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Comment: Re:Still need Microsoft Office unfortunately (Score 1) 279

by dotancohen (#46781977) Attached to: Apache OpenOffice Reaches 100 Million Downloads. Now What?

I get Word and Excel files all the time that cannot be accurately read by OpenOffice or LibreOffice. Particularly .DOCX and .XLSX files.

If you send to me copies of the files with sensitive data removed, I'll file bugs and get the formatting issues fixed in future LibreOffice versions. That really is the only way to progress. My Gmail username is the same as my /. username.


+ - Ask Slashdot: How to handle unfixed Linux accessibility bugs?

Submitted by dotancohen
dotancohen (1015143) writes "It is commonly said that open source software is preferable because if you need something changed, you can change it yourself. Well, I am not an Xorg developer and I cannot maintain a separate Xorg fork. Xorg version 1.13.1 introduced a bug which breaks the "Sticky Keys" accessibility option. Thus, handicapped users who rely on the feature cannot use Xorg-based systems with the affected versions and are stuck on older software versions. Though all pre-bug Linux distros are soon scheduled for retirement, there seems to be no fix in sight. Should disabled users stick with outdated, vulnerable, and unsupported Linux distros or should we move to OS-X / Windows? The prospect of changing my OS, applications, and practices due to such an ostensibly small issue is frightening.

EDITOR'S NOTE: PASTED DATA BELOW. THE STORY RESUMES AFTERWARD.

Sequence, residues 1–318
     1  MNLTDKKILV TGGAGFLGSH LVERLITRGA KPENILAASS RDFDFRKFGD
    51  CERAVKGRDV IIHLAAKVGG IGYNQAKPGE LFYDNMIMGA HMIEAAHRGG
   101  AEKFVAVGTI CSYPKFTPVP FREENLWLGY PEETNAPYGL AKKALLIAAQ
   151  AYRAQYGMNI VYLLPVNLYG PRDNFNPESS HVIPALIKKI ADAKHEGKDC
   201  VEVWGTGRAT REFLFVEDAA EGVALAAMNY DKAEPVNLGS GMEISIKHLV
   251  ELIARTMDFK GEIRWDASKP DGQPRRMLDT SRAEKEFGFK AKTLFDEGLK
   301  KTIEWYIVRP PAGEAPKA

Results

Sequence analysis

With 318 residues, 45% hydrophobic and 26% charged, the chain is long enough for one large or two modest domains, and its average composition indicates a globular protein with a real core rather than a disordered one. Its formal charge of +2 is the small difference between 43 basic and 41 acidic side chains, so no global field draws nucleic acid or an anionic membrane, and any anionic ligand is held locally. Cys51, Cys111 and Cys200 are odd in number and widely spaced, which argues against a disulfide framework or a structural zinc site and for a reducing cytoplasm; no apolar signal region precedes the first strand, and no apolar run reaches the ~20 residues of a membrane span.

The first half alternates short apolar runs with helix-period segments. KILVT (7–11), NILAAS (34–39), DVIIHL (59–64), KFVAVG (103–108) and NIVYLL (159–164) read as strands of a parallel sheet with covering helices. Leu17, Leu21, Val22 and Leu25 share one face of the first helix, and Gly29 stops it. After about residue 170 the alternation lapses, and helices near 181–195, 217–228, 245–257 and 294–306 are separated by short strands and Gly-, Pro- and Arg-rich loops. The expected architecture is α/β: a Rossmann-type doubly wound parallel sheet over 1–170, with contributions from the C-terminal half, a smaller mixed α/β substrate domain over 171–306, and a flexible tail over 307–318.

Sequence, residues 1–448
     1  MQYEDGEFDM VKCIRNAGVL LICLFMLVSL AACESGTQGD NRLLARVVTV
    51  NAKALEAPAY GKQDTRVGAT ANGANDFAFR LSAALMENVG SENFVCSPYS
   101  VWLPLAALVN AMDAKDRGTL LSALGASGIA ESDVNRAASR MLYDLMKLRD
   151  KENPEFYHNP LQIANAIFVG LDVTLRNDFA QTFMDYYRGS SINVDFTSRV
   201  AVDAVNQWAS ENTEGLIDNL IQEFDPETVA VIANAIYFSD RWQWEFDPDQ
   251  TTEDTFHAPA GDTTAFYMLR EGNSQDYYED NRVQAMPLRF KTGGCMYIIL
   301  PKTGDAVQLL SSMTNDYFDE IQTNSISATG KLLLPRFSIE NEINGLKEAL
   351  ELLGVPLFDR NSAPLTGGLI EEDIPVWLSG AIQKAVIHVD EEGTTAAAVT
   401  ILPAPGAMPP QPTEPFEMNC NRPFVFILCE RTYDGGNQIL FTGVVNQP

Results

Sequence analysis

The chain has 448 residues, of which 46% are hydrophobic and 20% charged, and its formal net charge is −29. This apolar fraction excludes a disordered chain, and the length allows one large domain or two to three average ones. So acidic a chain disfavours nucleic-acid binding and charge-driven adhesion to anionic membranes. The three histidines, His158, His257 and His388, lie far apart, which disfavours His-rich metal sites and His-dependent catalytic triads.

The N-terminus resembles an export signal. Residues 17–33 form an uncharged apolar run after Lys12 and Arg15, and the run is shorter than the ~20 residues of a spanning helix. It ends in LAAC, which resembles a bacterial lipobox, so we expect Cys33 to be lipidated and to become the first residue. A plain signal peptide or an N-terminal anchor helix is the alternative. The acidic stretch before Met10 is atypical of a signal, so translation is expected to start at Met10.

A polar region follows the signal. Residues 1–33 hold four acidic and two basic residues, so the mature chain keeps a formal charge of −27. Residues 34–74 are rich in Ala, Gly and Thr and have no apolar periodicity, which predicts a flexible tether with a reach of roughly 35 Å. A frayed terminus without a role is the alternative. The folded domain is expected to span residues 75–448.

Note that we are not discussing "I don't like change" but rather "this unintentional change is incompatible with my physical disability". Thus this is not a case of every change breaks someone's workflow."

+ - 3-D Printed Skull Successfully Implanted in Woman

Submitted by djhaskin987
djhaskin987 (2147470) writes "The first successful implantation of a 3-D printed skull has taken place in the Netherlands, according to NBC news:

Doctors in the Netherlands report that they have for the first time successfully replaced most of a human’s skull with a 3-D printed plastic one — and likely saved a woman's life in the process. The 23-hour surgery took place three months ago at University Medical Center Utrecht. The hospital announced details of the groundbreaking operation this week and said the patient, a 22-year-old woman, is doing just fine.


+ - Kim Dotcom Launches Political Party In New Zealand (Though He Cannot Stand)->

Submitted by judgecorp
judgecorp (778838) writes "Fugitive entrepreneur Kim Dotcom has launched a political party in New Zealand although he himself cannot stand for election. Dotcom, founder of Megaupload is a German national, not a New Zealand citizen. He is also on bail pending extradition to the US over claims that his Megaupload site infringed copyright. The Internet Party manifesto promises net neutrality, privacy, and faster broadband. Meanwhile, his new venture Mega is now worth NZ$210 million (£108m) thanks to a reverse takeover. He has also had to assure the New Zealand media that owning a signed copy of Mein Kampf doesn't mean he is a Nazi."